Friday, July 21, 2023

Viva Venezuela!

As collectors, I think we all have certain corners of the hobby that, for whatever reason, we've overlooked.

I don't know that I've ever had a specific vision for this blog, but I suppose one thing I've tried to to is throw a floodlight on those hidden corners. But I'm happy to admit I have blind spots of my own. A lot of them. Case in point: I've been seeing a whole lot of Venezuelan card talk on Twitter lately, and a post from fellow blogger Nick really pushed me over the edge in asking myself Why don't I have more of these?!?!

I don't know that I've specifically chosen to ignore Venezuelan cards - I think a long time ago I told myself Oh, those are too expensive and just kinda banished them to the long list of things I can't afford. But Nick's post got me looking again, and while I didn't see any Topps Venezuelans that jumped out at me on eBay, they're nowhere near as pricey as I long thought they were.

By accident, however, I did manage to secure a couple adjacent Venezuelan stickers in my long-overdue travels - including this excellent Jose Cardenal which is the best card I've bought in a while.

Also grabbed this Davey Lopes sticker from the same 1972-73 Venezuelan set, which is doubly interesting because it predates his Topps rookie card.

I paid a shade under four bucks each for the pair - so maybe my younger self was right in thinking Venezuelans aren't cheap enough to buy in bulk, but they're definitely good for a special treat every now and then.

Given those recent pickups, I figured was as good a time as ever to cobble my meager Venezuelan collection into a post.

I somehow don't think I've ever shown the Fidrych on the blog before - it's probably the toughest part of my quest to own every darn version of that card (think I'm only missing the OPC at this point). I'll admit I didn't even know Venezuelans kept going into the '70s until I bought that one - nor did I know they stretch all the way back to the late '50s! (as I learned from Nick's post) - but it's a treasure to have in my binders.

The Concepcion was my first Venezuelan card - found it for 50 cents at a show years ago - and I remember not knowing what the hell it was at the time.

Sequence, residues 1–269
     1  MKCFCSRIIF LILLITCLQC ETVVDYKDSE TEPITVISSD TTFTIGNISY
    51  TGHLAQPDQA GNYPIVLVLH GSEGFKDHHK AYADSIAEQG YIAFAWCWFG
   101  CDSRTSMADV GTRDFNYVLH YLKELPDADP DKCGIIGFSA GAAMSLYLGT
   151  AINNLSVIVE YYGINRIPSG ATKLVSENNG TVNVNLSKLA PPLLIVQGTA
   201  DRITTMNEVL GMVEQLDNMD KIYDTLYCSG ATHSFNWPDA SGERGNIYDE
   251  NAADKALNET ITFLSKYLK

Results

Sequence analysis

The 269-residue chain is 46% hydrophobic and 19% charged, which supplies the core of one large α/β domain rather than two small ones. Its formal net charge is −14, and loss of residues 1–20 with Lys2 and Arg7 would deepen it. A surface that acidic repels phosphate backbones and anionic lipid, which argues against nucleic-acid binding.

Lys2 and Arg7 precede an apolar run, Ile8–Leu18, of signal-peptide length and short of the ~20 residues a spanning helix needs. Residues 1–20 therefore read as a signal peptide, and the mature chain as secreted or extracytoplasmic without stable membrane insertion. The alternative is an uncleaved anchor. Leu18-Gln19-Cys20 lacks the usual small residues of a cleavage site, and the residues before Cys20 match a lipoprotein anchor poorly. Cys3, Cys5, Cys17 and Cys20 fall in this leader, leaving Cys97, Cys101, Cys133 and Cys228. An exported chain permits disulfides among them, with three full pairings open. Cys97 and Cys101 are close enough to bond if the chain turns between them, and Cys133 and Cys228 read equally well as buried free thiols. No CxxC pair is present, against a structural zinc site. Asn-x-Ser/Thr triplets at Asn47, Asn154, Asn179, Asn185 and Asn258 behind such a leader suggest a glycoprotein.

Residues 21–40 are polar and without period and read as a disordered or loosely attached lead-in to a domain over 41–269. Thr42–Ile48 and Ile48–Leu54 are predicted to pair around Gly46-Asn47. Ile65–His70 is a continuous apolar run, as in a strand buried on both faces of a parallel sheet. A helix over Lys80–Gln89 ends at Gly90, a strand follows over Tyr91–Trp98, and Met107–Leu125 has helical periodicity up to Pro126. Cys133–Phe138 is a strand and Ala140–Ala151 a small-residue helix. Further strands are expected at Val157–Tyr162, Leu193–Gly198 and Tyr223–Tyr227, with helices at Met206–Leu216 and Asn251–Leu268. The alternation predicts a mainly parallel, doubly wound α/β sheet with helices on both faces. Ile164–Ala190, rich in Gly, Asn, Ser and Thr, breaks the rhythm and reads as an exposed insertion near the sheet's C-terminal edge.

Part of the allure of Venezuelans is that I don't know how any of them survived in the first place - I remember reading once that they were issued with glue to be pasted into an album.

Not surprisingly, they're hard to find in good shape, and thanks to some subpar condition (to say the least) I got these from a card show bargain box for a buck a piece.

And yes, that '67 Staub was physically torn in half and repaired at some point...

...and somehow the back looks even worse than the front (not that I care a lick!).

My oldest Venezuelan is this '62 Jimmy Piersall that I bought on a lark for $10 at a card show a few years ago.

I think I grabbed it thinking more along the lines of Well, here's something I'll never see again more than any specific desire to own an older Topps Venezuelan.

The front looks like your standard '62 Topps fare, but the back features exclusively Spanish text.

I suppose this discovery came at a good time since I'm heading to The National in less than a week. I don't usually go into card shows with specific goals in mind, but now I'm thinking a few Venezuelans might be in the offing if the prices shake out.

It's the least I can do to offset a long history of ignoring our cool Venezuelan counterparts.

Thursday, July 13, 2023

National bound

Last week, after very little deliberation, I bought my tickets for The National.

I live all of ten minutes from where the show happens, which I've always found extraordinary given that people come from all over the country for this thing. Since travel isn't a concern here, the only question that remained was if the money would shake out (small budgets usually die quickly there), and I'm happy to report it has. So I've marked my calendar: I'll be at The National with my dad exactly two weeks from today. 

I've talked about The National many times on this blog, and I don't mean to sound like a broken record about it - but I've long had mixed feelings about the thing, and I think what a lot of it boils down to is the fact that it just feels so darn impersonal to me.

It's hard to argue that The National isn't the best show in the world, because it is - imagine a baseball card, and it's probably somewhere in those aisles.